Thursday, 12 December 2013

Cheng Tang - The King who Founded the Shang Dynasty

Compiled from The Great Chinese Emperors

        Cheng Tang’s name was Zi Lu. He won the support of the people with his benevolence and generosity. He toppled the cruel regime of Xia Jie and founded the Shang Dynasty. It was the second dynasty in China and lasted for a long period in history.
         Cheng Tang’s ancestor, Qi, had helped Yu in controlling the floodwaters. He was rewarded with the land of Shang and given a title. By Cheng Tang’s 14th generation, Shang had grown into a big state in the east. He invited Yi Yin of the Hua tribe to the palace by offering him gifts. After three failed attempts, Cheng Tang personally paid Yi Yin a visit. Touched by his sincerity, Yi Yin agreed to serve him. He then appointed Yi Yin as Right Premier and Zhong Hui as Left Premier.
        With the help of able men like Yi Yin, the state of Shang prospered and gradually grew strong. However, King Jie of Xia was still stronger than Cheng Tang despite Cheng Tang successfully defeating his minions, Shiwei and Gu. As such, he had no choice but to continue offering tributes. Fortunately, Yi Yin managed to erode King Jie’s alliance with the nine tribes by establishing good relations with them. Prior to launching an attack against King Jie, Cheng Tang called a meeting with the commanders to raise the spirits of the people and troops. The speech given by Tang to mobilize his men was referred to in history as the Pledge of Tang. The text of this speech has been kept to this day.
        Tang and King Jie fought in Mingtiao. King Jie was subsequently defeated, caught and locked up in Nanchao. Cheng Tang established the Shang Dynasty after toppling the Xia regime. When Shang Tang came into power, there was a drought for several years. Shang Tang prayed hard to the Heavens and his self-reproach apparently ‘moved’ Heaven, as it began to pour and the drought came to an end.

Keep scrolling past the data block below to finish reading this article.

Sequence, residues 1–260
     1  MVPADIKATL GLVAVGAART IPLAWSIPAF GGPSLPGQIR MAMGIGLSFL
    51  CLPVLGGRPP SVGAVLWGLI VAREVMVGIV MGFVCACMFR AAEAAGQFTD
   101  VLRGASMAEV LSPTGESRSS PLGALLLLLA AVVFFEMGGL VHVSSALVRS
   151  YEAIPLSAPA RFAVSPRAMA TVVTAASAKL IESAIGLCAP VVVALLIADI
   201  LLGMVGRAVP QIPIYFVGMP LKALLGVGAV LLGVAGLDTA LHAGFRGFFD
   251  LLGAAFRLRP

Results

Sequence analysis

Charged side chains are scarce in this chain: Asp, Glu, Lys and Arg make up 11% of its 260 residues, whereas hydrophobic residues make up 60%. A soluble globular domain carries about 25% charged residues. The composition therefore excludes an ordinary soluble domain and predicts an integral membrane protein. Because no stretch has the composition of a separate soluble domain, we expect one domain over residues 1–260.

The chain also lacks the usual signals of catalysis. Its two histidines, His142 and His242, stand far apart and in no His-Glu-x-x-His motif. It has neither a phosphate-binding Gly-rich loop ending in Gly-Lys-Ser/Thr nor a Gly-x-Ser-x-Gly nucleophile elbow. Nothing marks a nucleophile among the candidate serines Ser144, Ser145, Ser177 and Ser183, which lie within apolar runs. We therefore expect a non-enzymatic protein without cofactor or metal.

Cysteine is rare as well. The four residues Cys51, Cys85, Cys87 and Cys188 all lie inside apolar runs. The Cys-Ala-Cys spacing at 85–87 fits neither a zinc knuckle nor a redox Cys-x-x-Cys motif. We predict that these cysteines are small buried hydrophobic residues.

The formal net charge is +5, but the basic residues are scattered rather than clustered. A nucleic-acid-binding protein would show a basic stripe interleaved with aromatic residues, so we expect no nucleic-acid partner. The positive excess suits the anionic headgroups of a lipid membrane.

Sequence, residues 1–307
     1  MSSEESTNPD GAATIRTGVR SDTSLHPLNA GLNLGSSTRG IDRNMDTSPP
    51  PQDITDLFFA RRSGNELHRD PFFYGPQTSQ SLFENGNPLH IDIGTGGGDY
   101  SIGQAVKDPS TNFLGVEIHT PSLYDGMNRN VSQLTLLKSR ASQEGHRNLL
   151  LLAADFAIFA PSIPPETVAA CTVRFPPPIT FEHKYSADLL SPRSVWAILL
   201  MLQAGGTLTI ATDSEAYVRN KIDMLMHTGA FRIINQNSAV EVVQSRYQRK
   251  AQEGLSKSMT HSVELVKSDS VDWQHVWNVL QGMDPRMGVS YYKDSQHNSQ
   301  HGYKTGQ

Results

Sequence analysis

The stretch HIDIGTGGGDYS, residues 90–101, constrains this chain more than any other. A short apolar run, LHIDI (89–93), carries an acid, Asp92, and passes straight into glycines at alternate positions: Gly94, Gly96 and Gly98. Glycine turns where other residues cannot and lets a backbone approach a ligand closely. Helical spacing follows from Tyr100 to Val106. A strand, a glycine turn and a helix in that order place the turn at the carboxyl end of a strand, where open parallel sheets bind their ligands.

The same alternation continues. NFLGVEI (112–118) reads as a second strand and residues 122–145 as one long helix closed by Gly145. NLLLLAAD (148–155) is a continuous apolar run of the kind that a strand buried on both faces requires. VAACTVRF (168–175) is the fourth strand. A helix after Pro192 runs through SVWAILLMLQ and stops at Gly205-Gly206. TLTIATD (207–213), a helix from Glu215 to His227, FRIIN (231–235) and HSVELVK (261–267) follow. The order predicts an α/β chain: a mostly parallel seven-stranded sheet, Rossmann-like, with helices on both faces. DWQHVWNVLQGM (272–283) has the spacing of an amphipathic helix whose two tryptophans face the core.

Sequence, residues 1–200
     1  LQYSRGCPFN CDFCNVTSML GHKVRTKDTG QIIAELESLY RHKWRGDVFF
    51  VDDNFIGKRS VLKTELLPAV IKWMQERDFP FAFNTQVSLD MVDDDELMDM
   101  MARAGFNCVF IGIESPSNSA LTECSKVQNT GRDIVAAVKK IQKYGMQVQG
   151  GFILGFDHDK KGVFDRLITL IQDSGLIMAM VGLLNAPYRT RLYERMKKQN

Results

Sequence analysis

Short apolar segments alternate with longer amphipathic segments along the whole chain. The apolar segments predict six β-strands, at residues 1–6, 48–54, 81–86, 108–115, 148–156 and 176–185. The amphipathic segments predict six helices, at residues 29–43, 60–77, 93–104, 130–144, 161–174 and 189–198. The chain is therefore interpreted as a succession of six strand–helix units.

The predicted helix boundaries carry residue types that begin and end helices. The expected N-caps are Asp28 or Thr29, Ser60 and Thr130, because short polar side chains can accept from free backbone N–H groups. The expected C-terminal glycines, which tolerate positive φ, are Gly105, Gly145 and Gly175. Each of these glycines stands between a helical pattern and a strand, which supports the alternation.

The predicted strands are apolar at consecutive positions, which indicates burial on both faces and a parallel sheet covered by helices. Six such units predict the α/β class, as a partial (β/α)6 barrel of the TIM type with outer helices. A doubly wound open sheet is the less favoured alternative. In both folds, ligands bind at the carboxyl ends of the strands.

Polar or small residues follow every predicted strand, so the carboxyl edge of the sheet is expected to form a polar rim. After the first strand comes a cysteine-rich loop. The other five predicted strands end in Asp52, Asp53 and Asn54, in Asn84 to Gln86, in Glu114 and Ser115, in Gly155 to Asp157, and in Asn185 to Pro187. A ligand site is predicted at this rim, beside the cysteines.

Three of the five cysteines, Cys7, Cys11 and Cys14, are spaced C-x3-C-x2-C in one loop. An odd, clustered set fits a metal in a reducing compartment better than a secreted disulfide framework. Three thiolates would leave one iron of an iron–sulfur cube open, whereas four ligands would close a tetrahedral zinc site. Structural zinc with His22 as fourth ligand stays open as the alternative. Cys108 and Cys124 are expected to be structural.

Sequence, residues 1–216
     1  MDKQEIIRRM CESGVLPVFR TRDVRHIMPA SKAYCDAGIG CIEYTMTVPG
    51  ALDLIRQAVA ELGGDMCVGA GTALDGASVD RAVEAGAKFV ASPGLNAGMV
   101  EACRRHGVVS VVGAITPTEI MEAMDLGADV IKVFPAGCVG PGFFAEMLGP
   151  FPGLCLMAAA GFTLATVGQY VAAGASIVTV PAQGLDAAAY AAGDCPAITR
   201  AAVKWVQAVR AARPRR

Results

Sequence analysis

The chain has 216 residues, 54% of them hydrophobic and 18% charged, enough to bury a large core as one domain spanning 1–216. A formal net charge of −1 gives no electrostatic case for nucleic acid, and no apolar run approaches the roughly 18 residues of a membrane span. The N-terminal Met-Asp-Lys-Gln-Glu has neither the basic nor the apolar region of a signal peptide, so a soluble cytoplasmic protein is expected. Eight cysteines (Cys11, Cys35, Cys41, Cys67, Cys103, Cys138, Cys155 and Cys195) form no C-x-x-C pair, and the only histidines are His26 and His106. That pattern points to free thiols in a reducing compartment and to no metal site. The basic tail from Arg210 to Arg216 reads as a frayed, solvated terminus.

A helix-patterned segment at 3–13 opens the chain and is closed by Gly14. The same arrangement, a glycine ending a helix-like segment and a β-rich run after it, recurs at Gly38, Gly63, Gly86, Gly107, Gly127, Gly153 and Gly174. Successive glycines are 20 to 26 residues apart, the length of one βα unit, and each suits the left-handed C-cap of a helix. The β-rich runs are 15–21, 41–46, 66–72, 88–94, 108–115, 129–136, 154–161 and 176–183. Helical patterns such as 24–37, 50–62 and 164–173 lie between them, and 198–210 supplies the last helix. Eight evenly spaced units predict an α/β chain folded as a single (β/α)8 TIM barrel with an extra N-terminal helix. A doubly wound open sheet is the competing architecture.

Thought of the day:

  1. Why did Cheng Tang make the decision to attack Shang?                            Sixteen monarchs followed Yu’s son, Qi. The last of them, Jie, was a vicious ruler. He not only neglected the country and his people, but also terrorized them, letting tigers loose in the market. The people were also forced to go to war frequently to exact children, as well as jade and silk from neighbouring tribes. Filled with hatred for Jie, they fled in large numbers. Even court officials cursed Jie and pleaded with Heaven to get rid of him.                                                                                    Jie, however, still thinking of restoring and strengthening his control over all other tribes, gathered all of the tribal leaders for a punitive expedition against the Youmin clan. Unfortunately, this only made the existing conflicts more acute and alienated the tribes further. There were also other inauspicious omens such as unseasonal weather changes which caused hardship to the people. Shang Tang took this opportunity to revolt and overthrow the Xia Dynasty. 
  2. How was the existence of the Shang Dynasty proven?                                  Historian Sima Qian of the Han Dynasty had written in about 100 BC an account of 30 Shang rulers but they were believed to be legendary until the discovery of oracle bones in the 1920s by archaelogists. For years, peasants near the modern city of Anyang in Henan province had been unearthing mysterious pieces of bones which had notches cut into them. They were assumed to be the bones of dragons, a popular ingredient in Chinese medicine in those days, and they were bought as such. In 1899, some of the bones came into the hands of an antique dealer. He sold them to collectors and in 1903, a number of the inscriptions were published. Subsequently, excavations were done and in the 1920s and 1930s, large numbers of oracle bones used in divination were discovered. In later excavations, royal tombs and artifacts were found. Thus, the existence of the Shang Dynasty was confirmed.

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